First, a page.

134
    Location (City & State):
    Glendale, AZ
    I hit it at a 45 degree angle to the grain, and I don't hit it that hard.

    JimQ
     
  6. underdog

    underdog

    Joined:
    Oct 5, 2005
    Messages:
    451
    Location (City & State):
    North Georgia

    Eh? Sounds like a lot more work than popping the drive center out with the knockout rod which is right there on the lathe, and popping it with the mallet, which sits on the lathe bench...

    Instead you recommend walking over to the band saw and cutting, and then finding a drill or drill press and drilling? Yeah it might hold good, but for 12 inch scrap spindles, it sounds like more work than my method...

    Or, even better, get a dremel tool and carbide disk (both of which I'd have to purchase) that it takes a King Kong grip to cut? :eek:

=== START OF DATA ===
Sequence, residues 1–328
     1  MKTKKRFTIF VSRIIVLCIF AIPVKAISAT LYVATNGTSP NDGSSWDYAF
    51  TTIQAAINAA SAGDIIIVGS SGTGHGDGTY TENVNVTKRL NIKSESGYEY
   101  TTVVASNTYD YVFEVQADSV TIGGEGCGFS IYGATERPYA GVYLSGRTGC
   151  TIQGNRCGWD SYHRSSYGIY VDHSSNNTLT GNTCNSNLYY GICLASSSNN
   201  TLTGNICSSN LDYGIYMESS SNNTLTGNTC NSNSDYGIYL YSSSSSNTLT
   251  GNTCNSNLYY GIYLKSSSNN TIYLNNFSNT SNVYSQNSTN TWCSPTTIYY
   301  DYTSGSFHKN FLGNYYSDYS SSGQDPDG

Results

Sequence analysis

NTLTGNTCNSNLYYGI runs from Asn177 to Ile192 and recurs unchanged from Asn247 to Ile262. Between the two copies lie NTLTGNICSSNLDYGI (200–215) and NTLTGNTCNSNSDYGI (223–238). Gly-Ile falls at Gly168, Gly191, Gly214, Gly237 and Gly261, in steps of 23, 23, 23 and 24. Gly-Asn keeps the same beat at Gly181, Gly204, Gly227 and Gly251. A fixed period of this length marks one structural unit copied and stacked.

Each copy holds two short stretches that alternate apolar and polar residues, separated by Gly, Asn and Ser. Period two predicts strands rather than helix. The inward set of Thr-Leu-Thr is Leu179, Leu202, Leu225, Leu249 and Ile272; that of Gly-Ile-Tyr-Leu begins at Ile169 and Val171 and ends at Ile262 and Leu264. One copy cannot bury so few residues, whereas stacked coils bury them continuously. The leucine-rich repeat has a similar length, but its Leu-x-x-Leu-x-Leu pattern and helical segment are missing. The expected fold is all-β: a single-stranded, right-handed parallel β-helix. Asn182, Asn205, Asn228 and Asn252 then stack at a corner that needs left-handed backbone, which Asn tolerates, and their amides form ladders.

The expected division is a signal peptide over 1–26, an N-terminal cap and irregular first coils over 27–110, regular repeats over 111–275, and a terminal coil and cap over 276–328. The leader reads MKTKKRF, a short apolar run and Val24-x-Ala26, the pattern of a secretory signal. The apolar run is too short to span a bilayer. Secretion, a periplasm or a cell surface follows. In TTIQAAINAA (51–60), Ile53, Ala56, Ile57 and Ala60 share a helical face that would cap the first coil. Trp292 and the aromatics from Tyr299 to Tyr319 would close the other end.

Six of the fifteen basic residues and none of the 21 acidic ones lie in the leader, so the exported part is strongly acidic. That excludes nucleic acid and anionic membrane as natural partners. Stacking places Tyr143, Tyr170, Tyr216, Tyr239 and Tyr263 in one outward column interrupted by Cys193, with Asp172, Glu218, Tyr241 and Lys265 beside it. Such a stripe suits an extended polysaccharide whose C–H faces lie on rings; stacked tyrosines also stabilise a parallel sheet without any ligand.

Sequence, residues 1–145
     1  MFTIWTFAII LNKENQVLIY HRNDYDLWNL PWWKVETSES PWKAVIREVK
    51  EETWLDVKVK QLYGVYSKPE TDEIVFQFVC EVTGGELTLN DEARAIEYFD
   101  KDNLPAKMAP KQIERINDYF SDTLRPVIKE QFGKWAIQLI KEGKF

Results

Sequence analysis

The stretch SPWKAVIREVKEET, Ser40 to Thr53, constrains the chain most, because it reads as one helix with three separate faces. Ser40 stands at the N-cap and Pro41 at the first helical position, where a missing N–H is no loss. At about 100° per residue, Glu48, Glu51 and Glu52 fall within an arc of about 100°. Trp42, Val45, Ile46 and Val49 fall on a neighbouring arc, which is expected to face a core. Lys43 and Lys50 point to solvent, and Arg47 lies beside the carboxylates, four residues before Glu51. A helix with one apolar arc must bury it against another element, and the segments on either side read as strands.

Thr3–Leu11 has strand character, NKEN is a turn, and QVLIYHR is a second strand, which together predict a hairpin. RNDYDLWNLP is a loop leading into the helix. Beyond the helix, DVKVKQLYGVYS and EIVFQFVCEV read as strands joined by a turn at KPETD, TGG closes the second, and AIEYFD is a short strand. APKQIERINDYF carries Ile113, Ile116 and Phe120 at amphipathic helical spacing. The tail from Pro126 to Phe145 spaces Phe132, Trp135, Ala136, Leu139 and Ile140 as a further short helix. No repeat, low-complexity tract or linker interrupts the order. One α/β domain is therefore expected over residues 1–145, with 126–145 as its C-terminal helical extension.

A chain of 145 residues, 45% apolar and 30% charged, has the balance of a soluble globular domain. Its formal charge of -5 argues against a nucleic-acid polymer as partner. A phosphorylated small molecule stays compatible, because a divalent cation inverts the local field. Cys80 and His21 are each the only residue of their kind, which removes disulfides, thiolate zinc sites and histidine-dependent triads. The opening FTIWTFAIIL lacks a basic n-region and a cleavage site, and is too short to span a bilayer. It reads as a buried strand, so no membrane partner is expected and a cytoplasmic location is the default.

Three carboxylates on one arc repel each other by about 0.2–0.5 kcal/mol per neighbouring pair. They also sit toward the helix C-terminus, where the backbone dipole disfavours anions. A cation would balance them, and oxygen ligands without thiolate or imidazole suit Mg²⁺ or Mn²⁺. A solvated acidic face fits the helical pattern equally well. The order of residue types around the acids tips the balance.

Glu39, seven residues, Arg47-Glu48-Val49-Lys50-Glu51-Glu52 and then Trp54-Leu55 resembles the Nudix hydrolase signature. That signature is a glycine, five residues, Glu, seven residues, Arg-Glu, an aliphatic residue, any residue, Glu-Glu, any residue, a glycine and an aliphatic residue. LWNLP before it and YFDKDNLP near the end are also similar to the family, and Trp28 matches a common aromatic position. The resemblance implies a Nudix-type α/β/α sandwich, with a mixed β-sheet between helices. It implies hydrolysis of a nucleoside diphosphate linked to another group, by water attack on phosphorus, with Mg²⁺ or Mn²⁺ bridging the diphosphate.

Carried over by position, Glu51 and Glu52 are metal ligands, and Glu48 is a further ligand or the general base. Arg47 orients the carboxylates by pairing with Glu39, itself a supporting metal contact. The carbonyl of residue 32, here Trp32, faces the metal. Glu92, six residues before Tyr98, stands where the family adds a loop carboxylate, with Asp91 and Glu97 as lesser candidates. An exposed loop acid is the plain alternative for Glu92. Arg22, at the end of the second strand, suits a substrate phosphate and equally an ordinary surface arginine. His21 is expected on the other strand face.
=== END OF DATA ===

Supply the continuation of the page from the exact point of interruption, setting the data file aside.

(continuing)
Who's doing more work here? :p

    I've tried the bandsaw method and drill method before and it works fine, it's just quicker to smack the center into the wood with a mallet.

    I think we can all agree with my main point, which is merely that it's better not to hammer your headstock bearings...
     
  7. FlyingScooter

    FlyingScooter

    Joined:
    Jan 13, 2006
    Messages:
    2
    Been there, done lots... ;) it got better!

    My excuse is: It's like TV logic, honey.
    If the TV don't work, doesn't everyone lovingly caress it with a ballpene hammer?

    I've been guilty of those many times.